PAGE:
• liz thornton January 10, 2014 at 1:19 PM

    Hello Bo, hope all has been well for you and yours since we last met up in Italy. Horrified to read this – and hope someone has the nous to send all these replies to the AKC to help them understand the concept of feedback. My own experience with them ( I judge one breed) was pretty horrific, after someone complained about my winners dog, a junior, at the national speciality. Happy to say that dog is no 1 in breed 2013 and a grand champion now ( vindicated!). It still doesn’t remove the rather unpleasant taste of being treated like a criminal by the AKC for having the temerity to mention on my website that one of my hounds was related to some of the breeders…. you couldn’t make it up, the litter mates i mentioned were by my stud dog born in 1990. This was apparently favouring this kennel. I don’t have to judge in the States and frankly prefer not to….. but how they can throw away someone with your experience and knowledge and moral calibre is quite beyond me.

  • Mark Sachau: Duxinarow Labs January 12, 2014 at 1:40 PM

    This is the unfortunate, but predictable consequence of years of introspection in an elitist organization that at most opportunities fails to reach outward to its constituents. Most of us compete with our purebred dogs for recreation and fun and because we want the opinions of experienced breeder judges who connect with the everyday exhibitor. Establishing a judging qualification system that discourages the best from being a part of that system is about as ridiculous as AKC’s long time failure to support local animal shelters to help place abandoned dogs. Don’t get me started about the failure’s of our dear non-profit organization that has focused much of its energy on making certain that competing dog organizations have trouble gaining traction or any sort of competitive edge.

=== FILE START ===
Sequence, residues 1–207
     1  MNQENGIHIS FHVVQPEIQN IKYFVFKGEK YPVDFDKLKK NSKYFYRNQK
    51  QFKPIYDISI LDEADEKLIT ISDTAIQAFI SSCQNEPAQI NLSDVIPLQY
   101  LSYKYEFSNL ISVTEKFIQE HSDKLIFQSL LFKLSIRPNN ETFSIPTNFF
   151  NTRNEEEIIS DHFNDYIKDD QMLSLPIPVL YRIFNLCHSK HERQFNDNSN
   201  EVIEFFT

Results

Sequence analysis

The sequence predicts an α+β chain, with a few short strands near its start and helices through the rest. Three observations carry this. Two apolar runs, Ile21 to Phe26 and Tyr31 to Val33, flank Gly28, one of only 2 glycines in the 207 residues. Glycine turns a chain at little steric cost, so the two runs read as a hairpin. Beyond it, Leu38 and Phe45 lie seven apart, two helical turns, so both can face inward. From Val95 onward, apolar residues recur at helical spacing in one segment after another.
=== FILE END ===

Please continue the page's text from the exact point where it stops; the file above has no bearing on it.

• Fraya Katz Ariel Standard Poodles and Norwich Terriers January 13, 2014 at 2:07 AM

    I just went through all the trouble of filling out papers, verifying numbers and stewarding for a number of shows because somewhere along the way a prospective judge has to know how many dogs were in each class she stewarded .

    After all of this and, oh yes, the application process changed several times while I was trying to go through it, I read the above from one of the most respected judges at AKC and I am suddenly hesitant about going forward.

    Is it worth all the time and money to get a few breeds to judge and then be unable to progress? Dog shows are my beloved hobby, I still show my dogs. Do I need the aggravation?

  • James Dok January 13, 2014 at 11:16 AM

    Sad to read, and you are not the first. This is what can occur when there is a serious vacuum of LEADERSHIP!

    • James Dok January 13, 2014 at 11:17 AM

      Appreciate you leaving the comment as I sent. Thanks,

  • Post a comment